Yep, I've heard of binary trading platforms - although I don't have any experience in trading in them.

As I understand it, you buy either a call or a put depending on your view of the market at a certain price: the strike price. If the market is above (below) the strike at the expiration date you receive a fixed payout agreed at the trade date.

GordonMarch 31st, 2012 at 2:36pm

Have you ever heard of binary trade options? As I understand its following trends to decide whether to call or put on an item. Is this a valid strategy?

PeterMarch 26th, 2012 at 7:45pm

Thanks Nitin!

Sam JordanMarch 22nd, 2012 at 6:15pm

It is really easy to understand :)
Thanks a lot

NitinMarch 17th, 2012 at 6:57am

First article I read on options, which did not confuse me even for few milliseconds!.

geetMarch 6th, 2012 at 7:15am

completely understood.....awesome explanation.

AVN RAJAFebruary 13th, 2012 at 6:22am

Thank you really it is informative for me.

Lokesh AgarwalFebruary 10th, 2012 at 12:34pm

wonderful.. thx a lot mate.. for making me understand what is option contract

Kunal MoonJanuary 31st, 2012 at 1:02pm

nicely explained

PeterJanuary 11th, 2012 at 10:18pm

Hi Scarlett, no it is novation - it is also mentioned on Wikipedia under Application in financial markets.

ScarlettJanuary 11th, 2012 at 4:42am

"The process of Novation actually removes the identity of who is on the other side of the trade." Peter, do you mean notation instead of novation? Cheers.

poojaDecember 19th, 2011 at 2:18am

very simple language
easy to understand

Muhammad JamiOctober 24th, 2011 at 2:05am

You are doing a great service explaining these complex instruments. Thank you very much.

sureshsinhOctober 6th, 2011 at 11:55am


JMay 12th, 2011 at 10:48am

very informative and explanatory. Thank you.

JoemikeApril 29th, 2011 at 8:27pm

I am trying to begin option trading soon.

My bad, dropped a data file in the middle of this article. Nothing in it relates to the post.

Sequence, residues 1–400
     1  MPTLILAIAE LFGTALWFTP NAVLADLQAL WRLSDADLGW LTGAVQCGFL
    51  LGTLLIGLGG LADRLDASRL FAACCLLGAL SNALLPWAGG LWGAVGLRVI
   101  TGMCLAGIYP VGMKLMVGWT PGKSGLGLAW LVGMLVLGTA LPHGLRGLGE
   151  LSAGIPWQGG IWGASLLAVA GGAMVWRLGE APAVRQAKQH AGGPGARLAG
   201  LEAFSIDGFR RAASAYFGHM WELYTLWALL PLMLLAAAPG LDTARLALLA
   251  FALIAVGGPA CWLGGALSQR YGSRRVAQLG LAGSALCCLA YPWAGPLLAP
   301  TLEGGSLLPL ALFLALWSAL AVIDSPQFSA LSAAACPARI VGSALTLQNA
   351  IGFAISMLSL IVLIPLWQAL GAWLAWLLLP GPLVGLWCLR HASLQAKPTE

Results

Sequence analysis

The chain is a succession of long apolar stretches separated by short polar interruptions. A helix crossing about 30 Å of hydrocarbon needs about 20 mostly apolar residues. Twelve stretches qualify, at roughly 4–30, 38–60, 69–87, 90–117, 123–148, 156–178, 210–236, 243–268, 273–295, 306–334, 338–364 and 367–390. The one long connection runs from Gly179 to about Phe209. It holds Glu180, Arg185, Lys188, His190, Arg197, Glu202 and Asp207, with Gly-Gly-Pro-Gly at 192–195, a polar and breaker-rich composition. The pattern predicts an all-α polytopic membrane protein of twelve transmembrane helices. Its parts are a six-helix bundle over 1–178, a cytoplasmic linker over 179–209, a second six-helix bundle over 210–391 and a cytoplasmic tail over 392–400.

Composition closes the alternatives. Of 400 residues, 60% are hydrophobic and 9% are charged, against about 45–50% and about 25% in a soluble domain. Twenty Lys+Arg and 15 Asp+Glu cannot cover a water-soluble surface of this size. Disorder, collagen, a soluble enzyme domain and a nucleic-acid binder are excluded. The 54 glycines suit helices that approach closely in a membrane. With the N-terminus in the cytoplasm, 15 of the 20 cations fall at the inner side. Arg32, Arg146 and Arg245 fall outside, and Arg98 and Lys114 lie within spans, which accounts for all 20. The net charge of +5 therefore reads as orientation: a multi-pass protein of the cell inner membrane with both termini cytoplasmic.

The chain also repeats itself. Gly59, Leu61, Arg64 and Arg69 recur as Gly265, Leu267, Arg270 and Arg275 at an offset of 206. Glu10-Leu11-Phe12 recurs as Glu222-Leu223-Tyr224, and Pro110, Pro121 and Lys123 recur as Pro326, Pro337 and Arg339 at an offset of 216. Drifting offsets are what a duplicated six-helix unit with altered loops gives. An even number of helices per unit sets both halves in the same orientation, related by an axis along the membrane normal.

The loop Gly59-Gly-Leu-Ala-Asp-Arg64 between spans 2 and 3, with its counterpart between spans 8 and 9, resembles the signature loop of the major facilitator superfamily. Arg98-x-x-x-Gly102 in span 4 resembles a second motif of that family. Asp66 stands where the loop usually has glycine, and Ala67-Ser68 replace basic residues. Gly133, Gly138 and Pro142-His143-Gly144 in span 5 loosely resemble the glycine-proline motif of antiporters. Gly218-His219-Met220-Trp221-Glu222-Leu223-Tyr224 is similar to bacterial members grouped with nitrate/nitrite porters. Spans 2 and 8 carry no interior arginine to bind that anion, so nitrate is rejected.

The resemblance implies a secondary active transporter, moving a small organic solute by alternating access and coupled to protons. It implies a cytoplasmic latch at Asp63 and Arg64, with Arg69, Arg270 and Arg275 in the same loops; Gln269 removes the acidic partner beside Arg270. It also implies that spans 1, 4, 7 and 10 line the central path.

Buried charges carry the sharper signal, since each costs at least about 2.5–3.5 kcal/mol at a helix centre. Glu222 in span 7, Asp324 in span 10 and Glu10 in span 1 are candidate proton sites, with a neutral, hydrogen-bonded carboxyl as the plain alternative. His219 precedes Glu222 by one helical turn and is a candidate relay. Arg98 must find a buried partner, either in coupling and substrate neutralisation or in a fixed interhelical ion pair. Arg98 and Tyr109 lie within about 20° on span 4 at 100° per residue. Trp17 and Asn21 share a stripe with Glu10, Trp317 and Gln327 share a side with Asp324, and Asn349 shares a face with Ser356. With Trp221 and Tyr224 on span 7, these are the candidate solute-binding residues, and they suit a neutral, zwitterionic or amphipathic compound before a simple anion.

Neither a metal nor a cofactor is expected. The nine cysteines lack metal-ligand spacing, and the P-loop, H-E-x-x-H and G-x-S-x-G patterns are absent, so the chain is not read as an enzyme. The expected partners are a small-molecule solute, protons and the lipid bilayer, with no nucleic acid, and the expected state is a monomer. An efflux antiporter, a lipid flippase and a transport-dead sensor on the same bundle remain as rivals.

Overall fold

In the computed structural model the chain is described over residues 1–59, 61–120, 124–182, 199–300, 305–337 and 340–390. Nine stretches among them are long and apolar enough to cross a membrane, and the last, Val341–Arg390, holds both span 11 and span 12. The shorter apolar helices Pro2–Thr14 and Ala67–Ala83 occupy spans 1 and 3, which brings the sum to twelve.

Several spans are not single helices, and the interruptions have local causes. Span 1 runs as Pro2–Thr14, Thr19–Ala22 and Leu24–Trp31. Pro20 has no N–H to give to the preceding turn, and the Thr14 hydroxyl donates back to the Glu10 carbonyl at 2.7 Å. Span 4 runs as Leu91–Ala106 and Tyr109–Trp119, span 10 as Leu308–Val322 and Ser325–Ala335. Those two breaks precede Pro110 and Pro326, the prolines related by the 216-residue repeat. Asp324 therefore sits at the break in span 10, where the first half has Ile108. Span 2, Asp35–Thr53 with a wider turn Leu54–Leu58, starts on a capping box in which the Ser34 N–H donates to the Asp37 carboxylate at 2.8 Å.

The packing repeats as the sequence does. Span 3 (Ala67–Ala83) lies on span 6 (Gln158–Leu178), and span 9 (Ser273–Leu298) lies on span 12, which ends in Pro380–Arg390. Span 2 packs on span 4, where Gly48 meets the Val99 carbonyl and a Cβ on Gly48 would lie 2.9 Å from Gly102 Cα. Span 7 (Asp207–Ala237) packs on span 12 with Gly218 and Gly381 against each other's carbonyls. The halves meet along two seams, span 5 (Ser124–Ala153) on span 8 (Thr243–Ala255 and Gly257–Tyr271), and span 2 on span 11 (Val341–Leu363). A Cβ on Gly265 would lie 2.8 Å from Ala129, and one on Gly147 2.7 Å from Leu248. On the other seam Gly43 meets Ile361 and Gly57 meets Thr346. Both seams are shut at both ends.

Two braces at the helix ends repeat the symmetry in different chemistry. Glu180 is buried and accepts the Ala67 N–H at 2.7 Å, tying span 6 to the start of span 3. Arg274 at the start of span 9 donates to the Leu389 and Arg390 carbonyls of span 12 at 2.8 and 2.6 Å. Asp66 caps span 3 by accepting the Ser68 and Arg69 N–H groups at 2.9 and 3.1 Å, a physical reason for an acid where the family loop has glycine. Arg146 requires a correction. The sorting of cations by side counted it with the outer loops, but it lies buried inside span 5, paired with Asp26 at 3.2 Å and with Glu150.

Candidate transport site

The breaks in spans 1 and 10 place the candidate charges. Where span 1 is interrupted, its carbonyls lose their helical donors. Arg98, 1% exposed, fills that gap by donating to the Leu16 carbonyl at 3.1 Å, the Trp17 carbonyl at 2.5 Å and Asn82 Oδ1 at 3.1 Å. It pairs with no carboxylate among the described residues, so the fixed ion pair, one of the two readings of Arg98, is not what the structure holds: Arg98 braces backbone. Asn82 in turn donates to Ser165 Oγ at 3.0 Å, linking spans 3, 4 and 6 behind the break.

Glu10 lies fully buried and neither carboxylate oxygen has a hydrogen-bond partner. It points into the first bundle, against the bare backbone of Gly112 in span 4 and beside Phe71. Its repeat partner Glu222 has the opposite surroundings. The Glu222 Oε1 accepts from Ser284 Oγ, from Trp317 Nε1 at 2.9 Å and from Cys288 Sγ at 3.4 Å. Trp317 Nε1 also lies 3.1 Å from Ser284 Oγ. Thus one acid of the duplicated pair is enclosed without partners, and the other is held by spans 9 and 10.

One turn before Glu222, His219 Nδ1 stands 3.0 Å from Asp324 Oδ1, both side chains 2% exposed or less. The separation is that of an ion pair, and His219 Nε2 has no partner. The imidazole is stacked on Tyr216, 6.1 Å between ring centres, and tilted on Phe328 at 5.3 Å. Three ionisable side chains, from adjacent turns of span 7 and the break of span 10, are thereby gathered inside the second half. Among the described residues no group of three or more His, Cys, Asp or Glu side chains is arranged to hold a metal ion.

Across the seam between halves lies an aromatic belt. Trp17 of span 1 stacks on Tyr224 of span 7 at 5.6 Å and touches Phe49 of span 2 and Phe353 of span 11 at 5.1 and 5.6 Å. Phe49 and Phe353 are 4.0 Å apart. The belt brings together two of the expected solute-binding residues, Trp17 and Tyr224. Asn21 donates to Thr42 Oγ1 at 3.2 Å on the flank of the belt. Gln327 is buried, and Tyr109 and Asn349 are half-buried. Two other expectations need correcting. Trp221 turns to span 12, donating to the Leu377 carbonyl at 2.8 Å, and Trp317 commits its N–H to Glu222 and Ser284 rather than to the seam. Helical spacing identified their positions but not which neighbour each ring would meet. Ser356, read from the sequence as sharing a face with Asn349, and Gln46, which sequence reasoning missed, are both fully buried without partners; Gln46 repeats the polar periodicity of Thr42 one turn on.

I thought your explanation is very clear.

janFebruary 14th, 2011 at 9:30am

ssn is social security number. or they ask for your IRS number which i have not of course as i am not an american. I have found one site named option alarm that offered a free trial. but so far i cannot follow their advice as it is very confusing what they say. i have to learn that languague first. do you have some others? thanks a lot.

PeterFebruary 10th, 2011 at 4:06am

What's an SSN?

Yep, I do look at those sites. You're best off taking advantage of any free trials that they offer. Do you have any ones in mind...I can take a look if you like?

janFebruary 10th, 2011 at 1:19am

thank you i have been looking for such site long time as I am from Slovakia and many sites require SSN for example. now I have to find out if I can sign up there. one more question. what do you think about those web sites where they advise you with options picks? r u using them sometimes?

PeterFebruary 9th, 2011 at 3:48pm

Hi Jan, yep I trade real options through Interactive Brokers. Yes, if you are short a put option and are exercised then you will be assigned a real stock position.

janFebruary 9th, 2011 at 3:18pm

peter, are you trading thorough your broker real options? for example if you go short put and the option is exercised, do you actually buy that stock and own it in your account? or is it just derivate?

preetiFebruary 7th, 2011 at 3:30am

very clear and informative

SwapnilJanuary 7th, 2011 at 4:54am

the description given is constructive and clear to understand

PeterNovember 18th, 2010 at 10:58pm

Hi Narayan, sure, could you be more specific with your question?

narayanNovember 17th, 2010 at 8:04pm

Hi thanks for upload. I just want to know the relationship between the option and risk management. Could anyone can tell me more about that?